Chances are, you’re not a fortune teller. And if you were, you probably wouldn’t be here seeking career advice. So what’s a job seeker to say when an interviewer asks, “Where do you see yourself in five years?”
This common interview question isn’t meant to be answered with a full, detailed life plan. And if there’s anything we’ve learned from the pandemic years, it’s that anything can happen in life. Instead, it’s vital for the aspiring job seeker to understand just what is being asked and answer in a way that aligns your goals with the value you can bring to the role. We can’t determine the future, but we can guide you toward a successful answer!
What is being asked?
You don’t need to be a Type A person with a full outline of your future to nail this question. What an interviewer is really looking for is an assessment of your overall goals and level of motivation.
Career coach Tara Goodfellow says an interviewer wants to know that those goals and motivations align with the role and the organization. Top Resume’s M.A. Smith adds that asking this kind of question gives an interviewer insight into your thought process and how this role will fit into your overall plan. Recall that an interviewer is looking for the value you can bring to a role. Keep that in mind as you craft your answer.
“They also want to know what kind of person you are and will become. What’s most important to you: being proud of the work you do? Becoming a great team member? Learning how to be an awesome manager?” –Eloise Eonnet, career coach
How to answer
Connect it to your career goals
With a better understanding of just what is being asked, make sure that your answer conveys the value you’d bring to the role.
You’ll first need a clear understanding of what your goals are. Indeed says to think about the types of accomplishments you’d like to see on your resume in five years. Are you looking to gain the experience needed to obtain a senior role? Are you trying to get a start in an appealing industry? Find ways to connect this role to those goals.
“You don’t want to say, “I see myself in the same position doing the same work five years from now.” –Biron Clark, Career Sidekick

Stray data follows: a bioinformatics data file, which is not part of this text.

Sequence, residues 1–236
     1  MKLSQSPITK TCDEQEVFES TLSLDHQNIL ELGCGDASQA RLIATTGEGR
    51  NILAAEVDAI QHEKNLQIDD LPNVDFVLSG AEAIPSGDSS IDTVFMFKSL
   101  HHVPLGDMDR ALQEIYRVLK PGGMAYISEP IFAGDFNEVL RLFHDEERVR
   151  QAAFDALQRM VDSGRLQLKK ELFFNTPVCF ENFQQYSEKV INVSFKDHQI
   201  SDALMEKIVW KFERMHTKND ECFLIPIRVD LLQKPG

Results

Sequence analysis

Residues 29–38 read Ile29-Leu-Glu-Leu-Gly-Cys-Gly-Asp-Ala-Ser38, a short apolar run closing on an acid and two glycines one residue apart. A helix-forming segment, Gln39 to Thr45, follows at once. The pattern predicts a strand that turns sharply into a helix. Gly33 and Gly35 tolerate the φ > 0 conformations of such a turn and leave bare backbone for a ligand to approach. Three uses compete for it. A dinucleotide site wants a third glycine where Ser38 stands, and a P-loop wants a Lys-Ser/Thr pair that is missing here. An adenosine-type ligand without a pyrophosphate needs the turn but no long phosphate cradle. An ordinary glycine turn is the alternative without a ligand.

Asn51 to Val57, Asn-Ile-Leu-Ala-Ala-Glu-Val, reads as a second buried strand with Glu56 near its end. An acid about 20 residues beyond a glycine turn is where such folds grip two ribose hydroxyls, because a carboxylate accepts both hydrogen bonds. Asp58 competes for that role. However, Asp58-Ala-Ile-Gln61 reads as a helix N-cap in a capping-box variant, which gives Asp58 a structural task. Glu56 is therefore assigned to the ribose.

Consider the skills you have and the skills needed to succeed in your career path, and use specific skills from the job description if possible, according to Glassdoor. Expressing a desire to utilize and grow those skills clearly demonstrates value to an organization.
Express sincere interest in the role
Ambition doesn’t always pay the bills. Sometimes, you’ll need to take a job that might not be your dream job. That’s okay, but you need to find a way to make this role fit your ambitions without sounding uninterested.
Career Sherpa Hannah Morgan says you don’t need to make up something you think the interviewer would want to hear; that’s a good way to NOT get the job. Instead, find a way to connect the role to your goal without saying you don’t want to be there long. As mentioned above, focus on the skills you could gain and how this role could get you to your dream job—without implying that may be with another organization.
Be open ended
Remember that this is not a legally-binding life plan. Adaptability is one of the key skills employers seek, and too rigid of a plan can be unappealing.
Hiring managers want to see ambitious but realistic goals according to LinkedIn. You don’t need an exact title or role in mind as long as you can adequately show that you understand the work and skills involved to achieve your dream.
Don’t do what I did and open with a joke about seeing the future. Everyone knows the future is malleable and that twists in the road happen. Potential employers are looking for sincere answers so they can gauge whether you’re a good fit. Using humor may make you seem insincere or it can look like you haven’t put thought into the answer. Cliche answers like “I’ll be coming for your job!” are equally unappealing.
“Interviewers want to hear that you have thought about your long-term goals in relation to their company. Responding with a joke indicates that you may not be committed to this opportunity” –MasterClass
How NOT to answer
Other topics to avoid include talking about other industries, your personal goals outside of work, the desire to open your own business or go freelance, saying you expect to be CEO in five years, calling the role a stepping stone, or saying you haven’t considered a five-year plan. These types of answers show a lack of focus and preparation or will make the interviewer think you aren’t interested in the company long term. It’s expensive and time-consuming to bring in a new worker. The company wants to know they’re getting the right person for the job.
Hopefully, we’ve demystified this common question a bit and provided clarity as to what an interviewer is actually looking for. You don’t need a total picture of what your life will be in five years, but having an idea of what you’d like to accomplish and how this role can help you get there goes a long way. Be sure to express the value you can bring to the company and avoid any indication your goals will take you away from that company and you might find a great new job in your future!